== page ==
The effect of ethanol consumption on the development of squamous metaplasia of the trachea caused by vitamin A deficiency was studied in rats fed for 8-14 weeks with either normal vitamin A-containing diets or diets lacking vitamin A. Littermates were pair-fed the same diets with carbohydrates (36% of energy) replaced by ethanol. In rats fed the normal vitamin A diet with or without ethanol the tracheal mucosa was lined by a pseudostratified ciliated columnar epithelium; no squamous metaplasia was observed. Serum vitamin A was normal in both groups. Squamous metaplasia was noted in 4 of 7 rats fed the vitamin A-free diet and in 6 of 7 animals fed the vitamin A-free diet plus ethanol; the lesions were present in 48 and 68% of all the sections, respectively. Furthermore, the most severe lesions were seen only in the vitamin A-free diet plus ethanol group. Serum vitamin A was low in both groups. Ethanol consumption also results in lysosomal and ciliary abnormalities in the ciliated cells of the tracheal epithelia that were not as yet involved in the formation of squamous metaplasia. Thus, these synergistic effects of vitamin A deficiency and ethanol could contribute to the enhanced incidence of respiratory cancer seen in the alcoholic.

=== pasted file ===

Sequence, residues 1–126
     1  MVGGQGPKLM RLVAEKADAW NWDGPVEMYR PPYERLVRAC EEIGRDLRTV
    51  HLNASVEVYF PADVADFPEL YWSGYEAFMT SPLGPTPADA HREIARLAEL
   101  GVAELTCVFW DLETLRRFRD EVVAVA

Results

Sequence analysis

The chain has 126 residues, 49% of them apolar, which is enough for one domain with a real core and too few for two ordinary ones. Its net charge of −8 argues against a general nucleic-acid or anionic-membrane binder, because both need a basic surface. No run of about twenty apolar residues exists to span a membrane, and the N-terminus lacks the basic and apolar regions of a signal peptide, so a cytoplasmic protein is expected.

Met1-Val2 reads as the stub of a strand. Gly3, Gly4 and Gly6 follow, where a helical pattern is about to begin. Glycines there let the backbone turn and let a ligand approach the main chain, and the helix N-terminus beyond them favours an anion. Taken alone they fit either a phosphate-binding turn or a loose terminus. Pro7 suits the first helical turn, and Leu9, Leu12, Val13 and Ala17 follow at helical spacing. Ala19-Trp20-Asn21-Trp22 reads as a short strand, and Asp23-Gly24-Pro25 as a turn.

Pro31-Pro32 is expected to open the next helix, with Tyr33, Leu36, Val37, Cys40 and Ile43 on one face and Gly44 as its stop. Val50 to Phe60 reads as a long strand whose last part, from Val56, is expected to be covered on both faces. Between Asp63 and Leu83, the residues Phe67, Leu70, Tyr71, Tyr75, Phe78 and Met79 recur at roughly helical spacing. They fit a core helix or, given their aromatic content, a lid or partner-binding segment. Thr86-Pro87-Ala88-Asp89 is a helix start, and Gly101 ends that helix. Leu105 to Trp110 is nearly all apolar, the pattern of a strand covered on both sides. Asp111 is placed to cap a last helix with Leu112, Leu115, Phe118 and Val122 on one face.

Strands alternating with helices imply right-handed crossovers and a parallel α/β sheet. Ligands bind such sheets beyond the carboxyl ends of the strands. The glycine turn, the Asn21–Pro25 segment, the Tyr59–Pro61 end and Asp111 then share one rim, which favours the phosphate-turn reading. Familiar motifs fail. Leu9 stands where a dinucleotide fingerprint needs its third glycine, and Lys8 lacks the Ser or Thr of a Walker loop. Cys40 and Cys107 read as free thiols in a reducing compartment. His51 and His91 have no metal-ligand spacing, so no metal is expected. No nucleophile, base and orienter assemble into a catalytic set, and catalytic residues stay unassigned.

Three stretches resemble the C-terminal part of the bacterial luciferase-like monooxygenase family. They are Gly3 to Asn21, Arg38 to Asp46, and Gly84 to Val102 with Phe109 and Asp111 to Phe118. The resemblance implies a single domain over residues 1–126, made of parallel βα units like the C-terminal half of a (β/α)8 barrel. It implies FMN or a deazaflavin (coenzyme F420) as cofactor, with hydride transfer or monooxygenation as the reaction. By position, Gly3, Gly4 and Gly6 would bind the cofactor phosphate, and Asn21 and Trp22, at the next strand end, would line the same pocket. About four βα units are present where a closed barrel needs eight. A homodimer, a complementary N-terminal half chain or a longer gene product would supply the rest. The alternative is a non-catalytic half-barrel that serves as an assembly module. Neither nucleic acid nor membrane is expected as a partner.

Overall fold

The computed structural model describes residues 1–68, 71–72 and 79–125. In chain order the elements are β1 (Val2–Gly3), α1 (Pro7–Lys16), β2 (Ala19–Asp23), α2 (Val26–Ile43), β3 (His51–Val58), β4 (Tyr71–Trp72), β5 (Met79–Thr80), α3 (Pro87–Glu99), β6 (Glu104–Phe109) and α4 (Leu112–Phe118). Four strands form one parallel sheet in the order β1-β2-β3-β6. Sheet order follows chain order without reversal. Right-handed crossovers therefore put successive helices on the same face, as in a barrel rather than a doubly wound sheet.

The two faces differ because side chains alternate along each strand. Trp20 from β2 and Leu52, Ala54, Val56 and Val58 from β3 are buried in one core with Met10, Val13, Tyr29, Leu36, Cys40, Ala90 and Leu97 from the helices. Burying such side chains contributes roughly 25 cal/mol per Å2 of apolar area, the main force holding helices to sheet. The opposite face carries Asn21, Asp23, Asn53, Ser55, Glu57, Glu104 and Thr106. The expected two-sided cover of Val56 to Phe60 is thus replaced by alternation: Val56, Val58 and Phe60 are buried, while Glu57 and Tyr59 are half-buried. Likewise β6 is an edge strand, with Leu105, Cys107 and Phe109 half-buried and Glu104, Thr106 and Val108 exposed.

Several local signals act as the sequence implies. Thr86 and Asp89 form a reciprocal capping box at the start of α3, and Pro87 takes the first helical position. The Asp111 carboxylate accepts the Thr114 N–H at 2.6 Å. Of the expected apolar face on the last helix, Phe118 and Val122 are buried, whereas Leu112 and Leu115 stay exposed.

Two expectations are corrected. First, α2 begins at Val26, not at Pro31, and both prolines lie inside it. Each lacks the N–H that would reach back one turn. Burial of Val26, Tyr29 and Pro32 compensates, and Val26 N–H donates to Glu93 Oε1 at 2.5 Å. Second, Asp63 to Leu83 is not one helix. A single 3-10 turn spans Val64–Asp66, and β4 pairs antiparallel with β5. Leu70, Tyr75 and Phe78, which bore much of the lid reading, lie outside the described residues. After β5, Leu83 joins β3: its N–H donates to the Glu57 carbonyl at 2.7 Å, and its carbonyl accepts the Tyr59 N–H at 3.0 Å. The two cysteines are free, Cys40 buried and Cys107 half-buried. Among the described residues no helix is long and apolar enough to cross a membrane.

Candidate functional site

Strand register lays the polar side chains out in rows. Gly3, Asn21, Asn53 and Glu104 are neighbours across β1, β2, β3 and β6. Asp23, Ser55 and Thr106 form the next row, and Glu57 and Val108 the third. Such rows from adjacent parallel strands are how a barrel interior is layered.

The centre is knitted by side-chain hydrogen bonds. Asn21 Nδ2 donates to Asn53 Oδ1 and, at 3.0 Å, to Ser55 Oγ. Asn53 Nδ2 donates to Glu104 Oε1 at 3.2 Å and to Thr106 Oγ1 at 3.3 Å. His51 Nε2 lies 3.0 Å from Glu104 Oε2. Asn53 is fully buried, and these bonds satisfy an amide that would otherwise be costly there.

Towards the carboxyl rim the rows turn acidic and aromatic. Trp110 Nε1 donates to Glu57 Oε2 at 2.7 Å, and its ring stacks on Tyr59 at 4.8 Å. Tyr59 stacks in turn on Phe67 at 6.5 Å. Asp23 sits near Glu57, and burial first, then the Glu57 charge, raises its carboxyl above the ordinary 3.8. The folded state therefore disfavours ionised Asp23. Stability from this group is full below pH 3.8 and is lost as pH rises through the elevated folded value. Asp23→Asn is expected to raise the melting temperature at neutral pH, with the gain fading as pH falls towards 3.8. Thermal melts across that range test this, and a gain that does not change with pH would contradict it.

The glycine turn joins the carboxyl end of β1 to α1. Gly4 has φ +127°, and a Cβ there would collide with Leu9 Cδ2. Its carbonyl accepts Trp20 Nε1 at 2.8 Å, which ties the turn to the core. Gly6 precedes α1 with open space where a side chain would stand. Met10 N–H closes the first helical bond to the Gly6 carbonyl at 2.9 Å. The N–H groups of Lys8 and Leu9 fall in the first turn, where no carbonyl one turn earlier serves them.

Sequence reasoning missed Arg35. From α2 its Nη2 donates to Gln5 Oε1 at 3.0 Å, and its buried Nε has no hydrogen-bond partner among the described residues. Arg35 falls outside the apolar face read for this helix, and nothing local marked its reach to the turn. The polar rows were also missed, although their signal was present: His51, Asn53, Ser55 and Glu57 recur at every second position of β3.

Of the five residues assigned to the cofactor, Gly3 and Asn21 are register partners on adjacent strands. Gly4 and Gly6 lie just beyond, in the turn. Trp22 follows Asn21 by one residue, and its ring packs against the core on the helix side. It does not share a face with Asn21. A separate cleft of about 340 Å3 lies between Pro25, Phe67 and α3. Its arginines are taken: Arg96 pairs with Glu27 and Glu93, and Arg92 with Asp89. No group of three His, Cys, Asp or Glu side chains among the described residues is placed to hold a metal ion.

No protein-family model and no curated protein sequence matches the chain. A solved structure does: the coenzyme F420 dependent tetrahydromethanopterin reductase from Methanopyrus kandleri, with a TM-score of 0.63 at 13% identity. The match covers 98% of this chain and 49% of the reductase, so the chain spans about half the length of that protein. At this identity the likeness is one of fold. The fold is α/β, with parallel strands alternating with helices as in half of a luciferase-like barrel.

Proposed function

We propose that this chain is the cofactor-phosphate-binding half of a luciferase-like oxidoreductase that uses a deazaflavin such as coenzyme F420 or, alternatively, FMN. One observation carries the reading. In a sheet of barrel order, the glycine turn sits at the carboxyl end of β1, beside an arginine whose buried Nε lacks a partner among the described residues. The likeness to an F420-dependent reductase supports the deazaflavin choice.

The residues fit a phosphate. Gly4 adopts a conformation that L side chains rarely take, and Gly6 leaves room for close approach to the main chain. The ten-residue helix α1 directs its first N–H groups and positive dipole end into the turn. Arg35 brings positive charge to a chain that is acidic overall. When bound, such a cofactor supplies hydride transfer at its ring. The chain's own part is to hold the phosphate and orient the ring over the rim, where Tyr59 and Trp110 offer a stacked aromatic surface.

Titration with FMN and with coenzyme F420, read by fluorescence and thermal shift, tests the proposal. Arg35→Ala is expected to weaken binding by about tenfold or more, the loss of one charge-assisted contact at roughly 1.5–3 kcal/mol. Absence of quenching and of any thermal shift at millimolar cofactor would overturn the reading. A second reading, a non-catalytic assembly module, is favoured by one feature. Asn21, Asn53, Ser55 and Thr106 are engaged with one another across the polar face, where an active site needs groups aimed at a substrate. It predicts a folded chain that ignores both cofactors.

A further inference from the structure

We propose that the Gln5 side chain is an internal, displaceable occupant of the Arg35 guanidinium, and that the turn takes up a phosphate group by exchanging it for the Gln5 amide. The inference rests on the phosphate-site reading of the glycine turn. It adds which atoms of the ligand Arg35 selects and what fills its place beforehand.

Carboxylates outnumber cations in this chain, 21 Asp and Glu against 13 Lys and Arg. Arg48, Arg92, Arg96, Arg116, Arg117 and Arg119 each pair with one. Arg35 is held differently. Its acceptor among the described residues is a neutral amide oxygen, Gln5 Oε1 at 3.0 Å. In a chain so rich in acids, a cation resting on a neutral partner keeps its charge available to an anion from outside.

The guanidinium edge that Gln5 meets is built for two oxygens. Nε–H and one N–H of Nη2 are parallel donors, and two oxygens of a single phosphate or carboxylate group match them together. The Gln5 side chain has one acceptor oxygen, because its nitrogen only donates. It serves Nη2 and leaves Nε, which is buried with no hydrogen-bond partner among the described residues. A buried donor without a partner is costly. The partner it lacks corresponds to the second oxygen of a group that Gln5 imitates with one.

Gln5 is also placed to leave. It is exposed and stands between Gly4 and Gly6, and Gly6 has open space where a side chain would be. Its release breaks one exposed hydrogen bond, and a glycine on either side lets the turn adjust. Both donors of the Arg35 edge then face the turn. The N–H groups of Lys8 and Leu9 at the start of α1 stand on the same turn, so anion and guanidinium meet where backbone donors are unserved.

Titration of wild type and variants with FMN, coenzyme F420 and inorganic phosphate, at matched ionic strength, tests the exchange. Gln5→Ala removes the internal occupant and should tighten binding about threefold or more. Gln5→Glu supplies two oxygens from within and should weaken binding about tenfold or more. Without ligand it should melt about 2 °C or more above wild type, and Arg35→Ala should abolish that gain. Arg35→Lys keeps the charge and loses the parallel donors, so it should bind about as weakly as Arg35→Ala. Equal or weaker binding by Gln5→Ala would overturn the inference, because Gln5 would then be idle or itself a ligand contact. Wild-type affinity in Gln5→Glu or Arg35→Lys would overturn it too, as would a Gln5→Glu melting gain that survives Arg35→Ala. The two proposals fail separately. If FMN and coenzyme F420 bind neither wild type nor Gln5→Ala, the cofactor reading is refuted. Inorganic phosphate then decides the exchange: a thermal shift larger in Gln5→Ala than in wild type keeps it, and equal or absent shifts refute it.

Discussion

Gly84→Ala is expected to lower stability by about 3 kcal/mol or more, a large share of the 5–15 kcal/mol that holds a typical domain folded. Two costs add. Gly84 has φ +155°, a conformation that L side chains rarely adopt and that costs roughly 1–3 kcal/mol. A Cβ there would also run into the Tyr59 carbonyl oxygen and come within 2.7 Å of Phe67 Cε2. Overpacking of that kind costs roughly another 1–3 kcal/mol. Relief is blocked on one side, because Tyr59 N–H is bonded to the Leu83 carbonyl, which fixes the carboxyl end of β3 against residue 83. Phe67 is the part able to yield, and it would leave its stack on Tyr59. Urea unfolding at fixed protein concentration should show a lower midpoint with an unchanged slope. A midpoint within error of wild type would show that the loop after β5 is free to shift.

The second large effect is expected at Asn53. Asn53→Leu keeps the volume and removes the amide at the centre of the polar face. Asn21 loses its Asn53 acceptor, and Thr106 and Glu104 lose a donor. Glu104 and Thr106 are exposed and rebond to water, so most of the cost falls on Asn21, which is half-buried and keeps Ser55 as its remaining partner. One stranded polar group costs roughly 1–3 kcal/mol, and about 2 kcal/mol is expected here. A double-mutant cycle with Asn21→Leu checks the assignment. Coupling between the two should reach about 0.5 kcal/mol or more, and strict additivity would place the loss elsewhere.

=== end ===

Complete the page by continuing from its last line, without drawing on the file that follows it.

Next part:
|Number of pages||12|
|Journal||Transactions of the Association of American Physicians|
|State||Published - 1984|